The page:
Planning for Your Senior Year
Here are some important ideas to ponder:
If a traditional 4 year school is your primary option, designate 3-5 schools to which you will apply. You might visit their campus this summer while it is in session. Of these 5, one is your “dream school.” Three are realistic options for you. One is a safety valve type of school that you would be forced to select due to some unforeseen event (failure to meet graduation requirements; parent(s) job loss; natural disaster; serious illness in family; inability to gain acceptance to schools applied, etc.)
As part of your college application process, depending on where you choose to apply, you may be asked to write one or more essays that are called, for the sake of this discussion, “Personal Essays” or “Personal Statements.” These allow the school’s admissions committee to gain further insights about you that a typical paper resume does not provide. Many schools consider this ‘personal statement’ to be one of, if not the most important part of your application.
I suggest strongly that you work on this during the summer and write a draft or two on some or all of the following topics while you have some time. Depending on how many schools you apply to, you may see any or all of these topics in the fall when you begin the application process (you may be asked to write essays like these below when applying for scholarships).
1) Does your academic record accurately reflect your potential as a student?
2) Write about the most influential person in your life
3) Write about why you think you deserve a scholarship
4) Discuss a contemporary controversial social issue and how you would design a resolution to the issue (if you apply to a Catholic college, you may be asked to write about a controversial or important religious issue)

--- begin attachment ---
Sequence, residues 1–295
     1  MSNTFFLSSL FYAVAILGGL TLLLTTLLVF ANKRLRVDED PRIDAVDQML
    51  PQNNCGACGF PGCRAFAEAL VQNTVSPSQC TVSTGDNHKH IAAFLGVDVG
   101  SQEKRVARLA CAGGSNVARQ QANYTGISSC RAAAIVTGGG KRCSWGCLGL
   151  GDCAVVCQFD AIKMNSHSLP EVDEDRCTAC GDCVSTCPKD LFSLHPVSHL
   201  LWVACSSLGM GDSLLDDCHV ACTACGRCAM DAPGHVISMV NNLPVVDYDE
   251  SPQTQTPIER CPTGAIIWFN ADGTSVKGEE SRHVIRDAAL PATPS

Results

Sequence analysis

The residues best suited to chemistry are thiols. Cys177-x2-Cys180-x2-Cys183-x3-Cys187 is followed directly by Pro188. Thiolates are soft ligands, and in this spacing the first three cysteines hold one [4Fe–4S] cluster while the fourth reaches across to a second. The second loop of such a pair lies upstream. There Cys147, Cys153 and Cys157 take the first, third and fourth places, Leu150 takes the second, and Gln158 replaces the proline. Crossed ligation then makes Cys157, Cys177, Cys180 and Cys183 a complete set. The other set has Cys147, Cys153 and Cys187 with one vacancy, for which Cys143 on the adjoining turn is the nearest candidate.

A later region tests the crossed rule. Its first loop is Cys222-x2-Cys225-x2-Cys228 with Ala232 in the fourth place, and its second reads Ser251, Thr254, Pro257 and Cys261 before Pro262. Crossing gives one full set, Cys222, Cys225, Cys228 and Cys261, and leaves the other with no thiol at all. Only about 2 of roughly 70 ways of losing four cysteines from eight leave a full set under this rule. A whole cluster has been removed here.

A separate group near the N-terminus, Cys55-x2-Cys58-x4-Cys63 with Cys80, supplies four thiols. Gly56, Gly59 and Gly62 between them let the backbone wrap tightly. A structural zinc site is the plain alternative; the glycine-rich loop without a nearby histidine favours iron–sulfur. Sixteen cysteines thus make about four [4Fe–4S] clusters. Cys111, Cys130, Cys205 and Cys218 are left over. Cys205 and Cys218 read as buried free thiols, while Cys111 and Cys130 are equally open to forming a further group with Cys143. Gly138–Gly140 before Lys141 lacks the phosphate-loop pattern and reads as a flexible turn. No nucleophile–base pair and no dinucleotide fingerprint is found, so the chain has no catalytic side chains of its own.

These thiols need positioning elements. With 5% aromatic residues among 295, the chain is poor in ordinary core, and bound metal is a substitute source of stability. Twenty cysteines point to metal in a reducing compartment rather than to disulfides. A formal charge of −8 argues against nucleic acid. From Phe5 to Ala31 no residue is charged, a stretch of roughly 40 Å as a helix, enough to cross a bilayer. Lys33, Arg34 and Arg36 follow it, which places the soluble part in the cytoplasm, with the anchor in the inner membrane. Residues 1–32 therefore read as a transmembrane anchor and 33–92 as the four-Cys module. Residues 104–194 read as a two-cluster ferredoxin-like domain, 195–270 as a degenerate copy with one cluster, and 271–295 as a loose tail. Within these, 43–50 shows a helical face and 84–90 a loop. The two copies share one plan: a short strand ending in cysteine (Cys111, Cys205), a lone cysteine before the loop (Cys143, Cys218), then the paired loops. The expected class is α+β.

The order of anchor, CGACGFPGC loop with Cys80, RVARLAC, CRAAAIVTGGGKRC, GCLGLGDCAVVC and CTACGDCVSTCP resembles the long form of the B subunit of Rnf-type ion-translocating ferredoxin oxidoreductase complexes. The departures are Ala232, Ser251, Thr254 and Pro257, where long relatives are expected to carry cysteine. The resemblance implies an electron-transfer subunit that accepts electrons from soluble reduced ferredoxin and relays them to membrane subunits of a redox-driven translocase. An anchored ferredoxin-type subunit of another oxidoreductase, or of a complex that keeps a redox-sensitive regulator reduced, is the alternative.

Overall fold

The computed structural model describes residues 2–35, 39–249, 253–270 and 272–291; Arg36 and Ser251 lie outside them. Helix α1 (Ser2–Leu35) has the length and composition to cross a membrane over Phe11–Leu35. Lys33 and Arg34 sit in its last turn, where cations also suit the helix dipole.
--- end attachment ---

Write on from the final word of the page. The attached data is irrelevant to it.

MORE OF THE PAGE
5) Write a personal statement (this type of essay in intended to give an admissions or scholarship review committee an additional insights or two about you). Personal statements can entail:
- your career goals
- special talents
- unique interests
- your cultural or socioeconomic background
Sometimes schools want you to write a ‘Personal Experience Essay” about a famous quotation , or some book you read that impacted your life, or about some piece of art or film you consider extraordinary, or some particularly significant experience you have had that affected or help to develop your life or values or personality.
These ideas and suggested directions for essays are general in nature, I know. However, in doing some preparation this summer, you will be in a much better situation as this arduous, sometimes stressful process of preparation for life after high school becomes your major concern.